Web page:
Loss of Bardet Biedl syndrome proteins causes defects in peripheral sensory innervation and function.
Reception and interpretation of environmental stimuli is critical for the survival of all organisms. Here, we show that the ablation of BBS1 and BBS4, two genes mutated in Bardet-Biedl syndrome and that encode proteins that localize near the centrioles of sensory neurons, leads to alterations of s.c. sensory innervation and trafficking of the thermosensory channel TRPV1 and the mechanosensory channel STOML3, with concomitant defects in peripheral thermosensation and mechanosensation. The thermosensory phenotype is recapitulated in Caenorhabditis elegans, because BBS mutants manifest deficient thermosensory responses at both physiological and nociceptive temperatures and defective trafficking of OSM-9, a polymodal sensory channel protein and a functional homolog of TRPV1 or TRPV4. Our findings suggest a hitherto unrecognized, but essential, role for mammalian basal body proteins in the acquisition of mechano- and thermosensory stimuli and highlight potentially clinical features of ciliopathies in humans.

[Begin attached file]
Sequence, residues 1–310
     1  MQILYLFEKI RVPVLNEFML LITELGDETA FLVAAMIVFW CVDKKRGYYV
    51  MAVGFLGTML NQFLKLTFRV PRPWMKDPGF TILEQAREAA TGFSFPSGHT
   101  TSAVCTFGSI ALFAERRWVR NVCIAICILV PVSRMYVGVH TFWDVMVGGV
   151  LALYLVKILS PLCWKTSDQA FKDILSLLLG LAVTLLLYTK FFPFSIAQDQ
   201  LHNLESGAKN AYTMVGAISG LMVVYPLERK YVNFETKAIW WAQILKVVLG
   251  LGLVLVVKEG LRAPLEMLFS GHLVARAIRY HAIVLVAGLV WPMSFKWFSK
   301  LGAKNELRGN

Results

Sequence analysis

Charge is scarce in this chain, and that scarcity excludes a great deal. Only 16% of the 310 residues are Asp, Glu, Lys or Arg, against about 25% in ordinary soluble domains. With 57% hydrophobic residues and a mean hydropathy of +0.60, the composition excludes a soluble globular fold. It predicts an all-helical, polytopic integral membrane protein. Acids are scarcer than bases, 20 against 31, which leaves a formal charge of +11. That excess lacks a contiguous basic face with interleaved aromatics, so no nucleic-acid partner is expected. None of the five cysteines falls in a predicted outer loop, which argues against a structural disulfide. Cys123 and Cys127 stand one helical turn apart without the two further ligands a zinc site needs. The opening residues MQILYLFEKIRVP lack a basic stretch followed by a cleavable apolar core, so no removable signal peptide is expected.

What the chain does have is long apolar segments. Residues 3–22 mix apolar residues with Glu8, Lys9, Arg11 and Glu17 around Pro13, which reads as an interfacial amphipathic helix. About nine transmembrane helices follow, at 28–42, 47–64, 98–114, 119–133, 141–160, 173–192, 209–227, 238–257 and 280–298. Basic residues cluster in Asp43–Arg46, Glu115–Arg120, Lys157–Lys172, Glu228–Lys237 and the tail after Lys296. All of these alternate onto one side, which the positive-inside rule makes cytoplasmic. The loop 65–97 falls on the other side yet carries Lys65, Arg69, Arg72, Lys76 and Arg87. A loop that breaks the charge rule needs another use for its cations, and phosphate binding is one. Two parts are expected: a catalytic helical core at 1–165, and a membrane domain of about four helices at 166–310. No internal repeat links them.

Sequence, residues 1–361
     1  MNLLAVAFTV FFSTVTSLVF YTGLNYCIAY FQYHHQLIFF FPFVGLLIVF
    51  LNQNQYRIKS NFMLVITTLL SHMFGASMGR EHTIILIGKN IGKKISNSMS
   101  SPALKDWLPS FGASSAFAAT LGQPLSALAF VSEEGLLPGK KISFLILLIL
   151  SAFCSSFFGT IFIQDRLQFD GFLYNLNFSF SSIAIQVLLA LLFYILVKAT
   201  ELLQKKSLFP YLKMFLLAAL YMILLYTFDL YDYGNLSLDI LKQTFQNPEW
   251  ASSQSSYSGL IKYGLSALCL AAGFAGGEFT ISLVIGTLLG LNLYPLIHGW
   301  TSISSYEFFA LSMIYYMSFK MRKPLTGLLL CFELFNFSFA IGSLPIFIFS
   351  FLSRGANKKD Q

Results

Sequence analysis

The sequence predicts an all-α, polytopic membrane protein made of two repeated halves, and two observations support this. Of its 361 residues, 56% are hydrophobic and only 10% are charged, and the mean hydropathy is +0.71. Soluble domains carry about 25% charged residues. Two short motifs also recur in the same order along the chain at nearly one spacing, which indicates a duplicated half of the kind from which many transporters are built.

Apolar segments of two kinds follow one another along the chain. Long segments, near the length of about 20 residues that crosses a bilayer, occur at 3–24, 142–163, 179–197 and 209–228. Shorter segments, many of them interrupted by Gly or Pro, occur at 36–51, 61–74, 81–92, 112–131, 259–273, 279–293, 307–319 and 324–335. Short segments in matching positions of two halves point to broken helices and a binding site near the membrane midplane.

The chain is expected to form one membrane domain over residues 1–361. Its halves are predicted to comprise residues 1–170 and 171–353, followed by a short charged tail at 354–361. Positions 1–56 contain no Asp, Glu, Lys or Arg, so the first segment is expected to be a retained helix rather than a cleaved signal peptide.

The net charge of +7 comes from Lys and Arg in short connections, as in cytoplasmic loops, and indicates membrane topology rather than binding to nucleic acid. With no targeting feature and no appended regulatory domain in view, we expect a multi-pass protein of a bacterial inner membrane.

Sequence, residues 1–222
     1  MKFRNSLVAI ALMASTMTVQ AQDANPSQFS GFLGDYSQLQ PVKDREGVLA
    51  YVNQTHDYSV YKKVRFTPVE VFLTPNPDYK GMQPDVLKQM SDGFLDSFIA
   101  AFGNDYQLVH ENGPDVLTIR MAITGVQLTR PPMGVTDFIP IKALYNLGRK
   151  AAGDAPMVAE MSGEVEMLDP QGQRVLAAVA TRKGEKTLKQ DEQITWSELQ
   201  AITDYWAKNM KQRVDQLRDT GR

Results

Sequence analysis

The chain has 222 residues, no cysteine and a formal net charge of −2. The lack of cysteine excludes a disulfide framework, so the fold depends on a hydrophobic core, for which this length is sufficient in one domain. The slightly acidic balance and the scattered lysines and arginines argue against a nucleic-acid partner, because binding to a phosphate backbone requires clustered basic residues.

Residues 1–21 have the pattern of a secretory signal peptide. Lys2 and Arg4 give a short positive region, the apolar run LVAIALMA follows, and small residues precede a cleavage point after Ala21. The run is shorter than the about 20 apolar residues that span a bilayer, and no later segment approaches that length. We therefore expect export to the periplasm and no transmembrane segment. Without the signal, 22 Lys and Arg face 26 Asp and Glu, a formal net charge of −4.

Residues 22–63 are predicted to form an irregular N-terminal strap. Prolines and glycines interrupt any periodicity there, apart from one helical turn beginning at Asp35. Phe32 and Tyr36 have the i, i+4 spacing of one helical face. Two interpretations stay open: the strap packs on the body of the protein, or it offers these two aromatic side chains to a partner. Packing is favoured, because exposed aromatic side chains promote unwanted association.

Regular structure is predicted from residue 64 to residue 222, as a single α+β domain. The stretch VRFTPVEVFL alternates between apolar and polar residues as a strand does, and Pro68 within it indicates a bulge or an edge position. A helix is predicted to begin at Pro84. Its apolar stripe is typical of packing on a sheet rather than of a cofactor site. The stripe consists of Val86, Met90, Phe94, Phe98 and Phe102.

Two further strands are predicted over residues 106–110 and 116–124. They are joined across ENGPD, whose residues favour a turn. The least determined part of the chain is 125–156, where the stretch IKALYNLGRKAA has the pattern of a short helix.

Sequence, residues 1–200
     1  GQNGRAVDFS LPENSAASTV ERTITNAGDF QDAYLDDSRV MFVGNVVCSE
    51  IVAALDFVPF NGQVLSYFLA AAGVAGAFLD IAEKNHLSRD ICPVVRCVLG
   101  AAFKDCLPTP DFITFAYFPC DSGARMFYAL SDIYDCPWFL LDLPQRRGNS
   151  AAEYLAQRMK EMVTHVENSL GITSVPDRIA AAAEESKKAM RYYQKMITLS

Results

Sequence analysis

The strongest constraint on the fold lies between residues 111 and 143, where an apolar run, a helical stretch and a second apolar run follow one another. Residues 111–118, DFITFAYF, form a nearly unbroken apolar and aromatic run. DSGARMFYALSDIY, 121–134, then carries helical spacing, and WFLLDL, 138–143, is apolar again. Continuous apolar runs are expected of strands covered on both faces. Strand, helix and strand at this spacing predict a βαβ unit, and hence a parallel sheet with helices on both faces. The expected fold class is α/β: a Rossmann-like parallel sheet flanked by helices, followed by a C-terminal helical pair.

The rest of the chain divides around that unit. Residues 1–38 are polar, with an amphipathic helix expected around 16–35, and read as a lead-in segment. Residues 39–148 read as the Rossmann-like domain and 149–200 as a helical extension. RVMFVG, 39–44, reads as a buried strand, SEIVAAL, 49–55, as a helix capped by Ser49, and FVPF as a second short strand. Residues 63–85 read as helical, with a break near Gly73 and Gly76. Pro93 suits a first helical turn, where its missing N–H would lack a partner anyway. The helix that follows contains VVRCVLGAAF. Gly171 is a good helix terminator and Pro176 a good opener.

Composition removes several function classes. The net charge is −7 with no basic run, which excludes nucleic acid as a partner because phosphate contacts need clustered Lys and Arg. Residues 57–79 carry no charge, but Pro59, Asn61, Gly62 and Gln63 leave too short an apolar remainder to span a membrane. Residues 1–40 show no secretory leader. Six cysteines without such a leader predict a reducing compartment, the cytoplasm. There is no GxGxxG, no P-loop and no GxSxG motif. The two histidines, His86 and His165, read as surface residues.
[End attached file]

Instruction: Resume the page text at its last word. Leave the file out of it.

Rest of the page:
Tan, PL; Barr, T; Inglis, PN; Mitsuma, N; Huang, SM; Garcia-Gonzalez, MA; Bradley, BA; Coforio, S; Albrecht, PJ; Watnick, T; Germino, GG; Beales, PL; Caterina, MJ; Leroux, MR; Rice, FL; Katsanis, N
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